A speech on the assassination of Martin Luther King, Jr. was given by New York Senator Robert F. Kennedy

A speech on the assassination of Martin Luther King, Jr. was given by New York Senator Robert F. Kennedy on April 4, 1968.

Kennedy was campaigning for the 1968 Democratic presidential nomination. He had spoken at the University of Notre Dame and Ball State University earlier that day. Before boarding a plane to fly to Indianapolis for one last campaign speech in a predominantly black neighborhood of the city he learned that Martin Luther King, Jr. had been shot, leading Kennedy press secretary Frank Mankiewicz to suggest that he ask the audience to pray for the King family and ask them to follow King’s policy of non-violence. They did not learn that King was dead until they landed in Indianapolis.

Both Mankiewicz and speechwriter Adam Walinsky drafted notes immediately before the rally for Kennedy’s use, but Kennedy refused Walinsky’s notes, instead using some that he had likely written on the ride over; Mankiewicz arrived after Kennedy had already begun to speak. Right before arriving at the rally the Chief of Police in Indianapolis told Kennedy that he could not provide protection and that giving the remarks would be too dangerous, but Kennedy decided to go ahead regardless. Standing on a podium mounted on flatbed truck, Kennedy spoke for just four minutes and fifty-seven seconds.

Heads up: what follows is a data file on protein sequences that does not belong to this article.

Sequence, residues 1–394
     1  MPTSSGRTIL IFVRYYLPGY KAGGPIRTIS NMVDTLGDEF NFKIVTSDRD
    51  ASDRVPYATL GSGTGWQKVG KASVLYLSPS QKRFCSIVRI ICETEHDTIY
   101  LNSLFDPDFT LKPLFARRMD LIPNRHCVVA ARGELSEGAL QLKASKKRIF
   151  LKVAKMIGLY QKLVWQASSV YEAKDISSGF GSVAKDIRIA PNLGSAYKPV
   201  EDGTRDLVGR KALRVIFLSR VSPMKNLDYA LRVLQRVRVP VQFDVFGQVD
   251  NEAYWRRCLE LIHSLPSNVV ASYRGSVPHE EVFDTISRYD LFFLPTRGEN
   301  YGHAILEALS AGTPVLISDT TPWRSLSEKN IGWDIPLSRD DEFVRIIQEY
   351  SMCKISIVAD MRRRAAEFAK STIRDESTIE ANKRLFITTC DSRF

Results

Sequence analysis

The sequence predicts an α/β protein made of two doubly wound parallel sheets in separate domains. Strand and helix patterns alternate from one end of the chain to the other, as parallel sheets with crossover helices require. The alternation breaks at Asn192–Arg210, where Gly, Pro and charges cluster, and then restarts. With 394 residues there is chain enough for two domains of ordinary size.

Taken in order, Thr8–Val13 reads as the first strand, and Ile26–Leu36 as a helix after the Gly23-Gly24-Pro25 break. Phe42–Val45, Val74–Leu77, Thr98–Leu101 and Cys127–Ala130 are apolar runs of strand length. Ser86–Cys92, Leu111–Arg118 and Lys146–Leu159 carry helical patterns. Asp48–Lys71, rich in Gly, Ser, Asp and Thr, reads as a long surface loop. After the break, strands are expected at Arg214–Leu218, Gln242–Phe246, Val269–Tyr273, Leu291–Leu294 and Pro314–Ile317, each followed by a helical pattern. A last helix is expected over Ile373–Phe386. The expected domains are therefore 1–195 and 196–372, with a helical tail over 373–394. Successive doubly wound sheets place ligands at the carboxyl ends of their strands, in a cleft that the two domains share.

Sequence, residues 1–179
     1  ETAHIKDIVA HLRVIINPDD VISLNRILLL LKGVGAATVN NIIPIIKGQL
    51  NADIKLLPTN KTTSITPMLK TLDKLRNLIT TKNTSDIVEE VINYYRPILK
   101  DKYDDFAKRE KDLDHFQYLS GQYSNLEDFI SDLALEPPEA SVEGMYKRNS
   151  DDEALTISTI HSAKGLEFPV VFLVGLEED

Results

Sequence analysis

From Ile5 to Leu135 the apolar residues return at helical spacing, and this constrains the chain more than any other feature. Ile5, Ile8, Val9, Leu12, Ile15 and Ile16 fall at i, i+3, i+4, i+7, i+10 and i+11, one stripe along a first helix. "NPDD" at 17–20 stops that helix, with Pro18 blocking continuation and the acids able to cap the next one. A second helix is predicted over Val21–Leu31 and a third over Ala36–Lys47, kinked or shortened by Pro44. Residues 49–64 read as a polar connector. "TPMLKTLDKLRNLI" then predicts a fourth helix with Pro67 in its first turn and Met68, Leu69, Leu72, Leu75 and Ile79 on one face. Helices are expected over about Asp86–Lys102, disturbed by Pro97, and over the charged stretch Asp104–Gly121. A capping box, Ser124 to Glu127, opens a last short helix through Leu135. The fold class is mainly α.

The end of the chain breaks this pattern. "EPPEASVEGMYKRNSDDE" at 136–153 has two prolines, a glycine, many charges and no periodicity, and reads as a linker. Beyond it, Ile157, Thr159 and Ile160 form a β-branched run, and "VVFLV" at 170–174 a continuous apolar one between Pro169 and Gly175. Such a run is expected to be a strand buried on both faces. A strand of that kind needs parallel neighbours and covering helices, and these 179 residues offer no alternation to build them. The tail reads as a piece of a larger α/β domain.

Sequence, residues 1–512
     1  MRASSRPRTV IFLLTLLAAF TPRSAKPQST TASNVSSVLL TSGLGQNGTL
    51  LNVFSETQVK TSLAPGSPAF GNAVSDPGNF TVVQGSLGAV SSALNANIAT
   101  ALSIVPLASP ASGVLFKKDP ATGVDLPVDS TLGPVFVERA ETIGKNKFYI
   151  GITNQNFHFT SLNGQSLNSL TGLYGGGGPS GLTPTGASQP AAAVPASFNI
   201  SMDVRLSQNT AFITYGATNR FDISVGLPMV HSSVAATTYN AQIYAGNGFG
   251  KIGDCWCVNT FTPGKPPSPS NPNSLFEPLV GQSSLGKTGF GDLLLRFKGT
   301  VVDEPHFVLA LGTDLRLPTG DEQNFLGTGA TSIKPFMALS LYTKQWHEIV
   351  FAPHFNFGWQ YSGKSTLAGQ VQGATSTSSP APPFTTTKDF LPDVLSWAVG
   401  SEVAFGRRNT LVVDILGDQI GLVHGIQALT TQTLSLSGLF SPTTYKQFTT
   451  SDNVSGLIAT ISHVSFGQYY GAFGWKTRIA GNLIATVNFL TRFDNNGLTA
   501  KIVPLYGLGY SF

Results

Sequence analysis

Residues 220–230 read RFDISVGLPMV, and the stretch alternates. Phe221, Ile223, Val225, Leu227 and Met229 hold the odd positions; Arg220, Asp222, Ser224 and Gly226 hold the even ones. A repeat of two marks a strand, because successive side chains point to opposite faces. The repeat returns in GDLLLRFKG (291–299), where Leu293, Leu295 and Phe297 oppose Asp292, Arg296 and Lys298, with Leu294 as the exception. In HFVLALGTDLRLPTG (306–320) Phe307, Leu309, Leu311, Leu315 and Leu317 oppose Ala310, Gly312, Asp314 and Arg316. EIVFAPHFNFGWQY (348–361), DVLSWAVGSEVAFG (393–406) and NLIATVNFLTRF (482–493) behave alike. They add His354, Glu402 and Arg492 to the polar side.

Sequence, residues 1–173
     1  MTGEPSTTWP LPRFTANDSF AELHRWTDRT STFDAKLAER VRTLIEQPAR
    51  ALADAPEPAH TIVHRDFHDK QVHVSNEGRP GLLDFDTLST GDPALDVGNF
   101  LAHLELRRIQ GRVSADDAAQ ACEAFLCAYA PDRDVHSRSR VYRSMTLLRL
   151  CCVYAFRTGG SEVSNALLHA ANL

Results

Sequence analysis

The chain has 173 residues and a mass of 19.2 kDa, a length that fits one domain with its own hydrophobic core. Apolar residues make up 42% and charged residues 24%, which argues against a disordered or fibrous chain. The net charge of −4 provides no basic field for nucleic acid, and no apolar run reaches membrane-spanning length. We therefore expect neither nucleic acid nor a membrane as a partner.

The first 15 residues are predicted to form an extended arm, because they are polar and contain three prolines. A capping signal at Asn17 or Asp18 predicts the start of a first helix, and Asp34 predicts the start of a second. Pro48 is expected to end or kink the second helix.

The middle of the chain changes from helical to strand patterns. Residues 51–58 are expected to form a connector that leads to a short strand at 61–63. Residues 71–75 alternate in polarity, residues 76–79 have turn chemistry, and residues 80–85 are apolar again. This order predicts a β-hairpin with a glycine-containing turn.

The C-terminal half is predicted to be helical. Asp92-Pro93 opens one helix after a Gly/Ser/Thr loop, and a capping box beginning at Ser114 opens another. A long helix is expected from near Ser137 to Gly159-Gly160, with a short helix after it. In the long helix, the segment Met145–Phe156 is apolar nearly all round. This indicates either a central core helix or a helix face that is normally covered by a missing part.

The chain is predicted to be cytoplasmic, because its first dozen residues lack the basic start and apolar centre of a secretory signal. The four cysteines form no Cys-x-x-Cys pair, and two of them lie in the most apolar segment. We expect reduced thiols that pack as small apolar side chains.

“My favorite poem, my — my favorite poet was Aeschylus. And he once wrote:
Even in our sleep, pain which cannot forget
falls drop by drop upon the heart,
until, in our own despair,
against our will,
comes wisdom
through the awful grace of God.
What we need in the United States is not division; what we need in the United States is not hatred; what we need in the United States is not violence and lawlessness, but is love, and wisdom, and compassion toward one another, and a feeling of justice toward those who still suffer within our country, whether they be white or whether they be black.”
— Robert F. Kennedy

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